FIG. 8 is a diagrammatic view of the fluidic sensor shown in FIGS. 2 and 3 and more particularly showing the air stream when no object is adjacent the sensor;

FIG. 9 is a view similar to FIG. 8 and particularly showing the air stream when an object is in proximity with the fluidic sensor;

FIG. 10 is a view of the fluidic sensor shown in FIGS. 6 and 7 and particularly showing the air stream when no object is adjacent the sensor; and

FIG. 11 is a view similar to FIG. 10 showing the air stream when an object is in proximity with the fluidic sensor.

DESCRIPTION OF THE PREFERRED EMBODIMENTS

Referring to FIGS. 2 and 3, a fluidic sensor, according to the present invention, is generally indicated by the reference number 10. A plurality of fluidic sensors 10 may be utilized in connection with a press 11 (see FIG. 1). The press 11 includes a bed 12 and a vertically reciprocal ram 13. The ram 13 is carried by a crank mechanism 14 which is eccentrically mounted on a shaft 15. Drive means, generally indicated by the reference number 16, are operatively connected to the shaft 15 through a clutch brake 17.

A piece of sheet material 20 is positioned on a die which is supported on the press bed 12. The presence or absence of the sheet material 20 is determined by the sensors 10 which are a part of an overall fluidic control system generally indicated by the reference number 21. The system 21 may, for example, include a fluid source 22, such as an air compressor, which delivers air to the sensors 10 at a pressure of between 7 psig to 20 psig. The sensors 10 send a signal through a fluidic amplifier 23, which is in communication with one or more logic gates 24 and a control means 25. Fluidic amplifiers and logic gates are, of course, well known in the prior art. The logic gates 24 may consist of various types, for example where a multiplicity of sensors 10 are utilized in the fluid control system 21, the logic gates may be of the OR/NOR or AND/NAND types.

The control means 25 may be a fluidic device, a hydraulic device, or an electronic device which is operatively connected to the drive means 16. In operation, the fluid control system 21 provides an override circuit which prevents actuation of the drive means 16 if the sheet material 20 is not properly positioned upon the die of the bed 12 of the press 11.

The fluidic sensor 10 includes a body 28 which in the present embodiment is rectangular in configuration. The body 28 has a longitudinally extending external front surface 29, a fluid inlet port 30 and a fluid outlet port 31. In the present embodiment, an inlet fitting 32 is positioned at the fluid inlet port 30 and an outlet fitting 33 is positioned at the fluid outlet port 31. The fittings 32 and 33 are adaptable to receive, for example, air hoses.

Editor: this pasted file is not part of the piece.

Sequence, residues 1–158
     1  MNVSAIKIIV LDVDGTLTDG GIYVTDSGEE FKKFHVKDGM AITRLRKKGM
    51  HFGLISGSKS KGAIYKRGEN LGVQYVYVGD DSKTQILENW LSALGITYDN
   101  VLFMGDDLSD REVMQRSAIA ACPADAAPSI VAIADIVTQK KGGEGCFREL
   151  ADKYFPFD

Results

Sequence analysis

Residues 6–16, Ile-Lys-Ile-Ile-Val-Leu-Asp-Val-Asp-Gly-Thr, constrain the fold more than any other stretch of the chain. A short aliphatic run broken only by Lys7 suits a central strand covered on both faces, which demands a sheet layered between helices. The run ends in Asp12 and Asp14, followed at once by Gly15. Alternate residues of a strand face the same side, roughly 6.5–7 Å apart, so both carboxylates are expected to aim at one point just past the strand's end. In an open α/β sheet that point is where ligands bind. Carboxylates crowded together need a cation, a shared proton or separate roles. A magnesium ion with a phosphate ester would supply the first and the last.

An emitter port or nozzle 34 is defined in the body 28 adjacent a lower portion of the surface 29. The emitter port 34 is in communication with the fluid inlet port 30 through a fluid passageway 35. Referring to FIGS. 3 and 4, the emitter port 34 is inclined at an acute angle A with respect to the surface 29 of the body 28. Preferably, the angle A may vary between 12° and 15°. It has been found that if the nozzle 34 has a width of 0.125 inch, the optimum nozzle is rectangular in configuration having a thickness (t) between 0.025 inch and 0.035 inch. Circular nozzle shapes are not satisfactory.

In the present embodiment, a recess 37 is defined in the body 28 adjacent the emitter port 34 and a receiver port 38 is defined by the body 28 adjacent the upper portion of the surface 29. The recess 37 includes an offset distance (o) which is found to be optimum in the region of 1t to 1.5t, where "t" is the thickness of the nozzle 34 (see FIG. 4). The receiver port 38 is in communication with the fluid outlet port 31 by way of a fluid passageway 39.

A slot 40 is defined by the body 28 adjacent the receiver port 38. The slot 40 is in fluid communication with a cavity 41. The slot 40 and the cavity 41 form a pressure drop chamber. The width of the slot 40 is preferably between 0.025 inch and 0.040 inch or from 1t to 1.6t, where t is the thickness of the nozzle 34. The length of the slot 40 should be between 6t and 10t. The diameter of the cavity 41 may, for example, be between 7t and 10t. A cusp 42 is defined by the body 28 at the upper edge of the receiver port 38. The cusp 42 may have either a flat surface or a concave surface.

Referring to FIG. 5, the opening of the receiver port 38 preferably varies between 20t and 30t for satisfactory pressure recover in the fluid passageway 39.

The receiver port 38 defines a wall angle "w" which varies in the range of 6° to 12° and then changes direction as a spiral curve.

The heighth H of the passageway 39 is approximately 10t to 15t, while the heighth of the receiver port at the surface 29 is approximately 20t to 30t.

FIGS. 8-11 are diagrammatic representations of the air flow conditions which occur when utilizing the fluidic sensors. The air flow paths shown in FIGS. 8-11 are by way of example only and reflect a simplified showing of the inventor's analysis of complicated flow patterns.

Referring to FIG. 3, the target area of the fluid flow of the fluidic sensor 10 includes a sensing gap B and a sensing range C. It has been found that the sensing range C, which sets the vertical limits for sensing the sheet 20, is far greater than many prior art sensing devices. The sensing gap B is the horizontal sensitivity distance. It should be noted that the sensitivity of the sensing range C is generally parobolic in configuration with the greatest sensitivity being centrally located between the emitter port 34 and receiver port 38.

EXAMPLE A

A fluid sensor, as shown in FIG. 2, was operated at a supply pressure of 18 p.s.i. and at a flow rate of 0.67 c.f.m. The sensor was 3 inches long and the distance along the surface 29 between the emitter port or nozzle 34 and the receiver port 38 was 1.875 inches. The sensing gap B was determined at intervals of 1/8 inch beginning at the receiver port 38 and continuing to the emitter port 34.

______________________________________ Distance from port 38 Sensing Gap (B) on surface 29 (Inches × 10-3) ______________________________________ 0 46 .125 55 .250 76 .375 83 .500 83 .625 83 .750 83 .875 82 1.000 82 1.125 82 1.250 82 1.375 82 1.500 66 1.625 65 1.750 46 1.875 27 ______________________________________

EXAMPLE B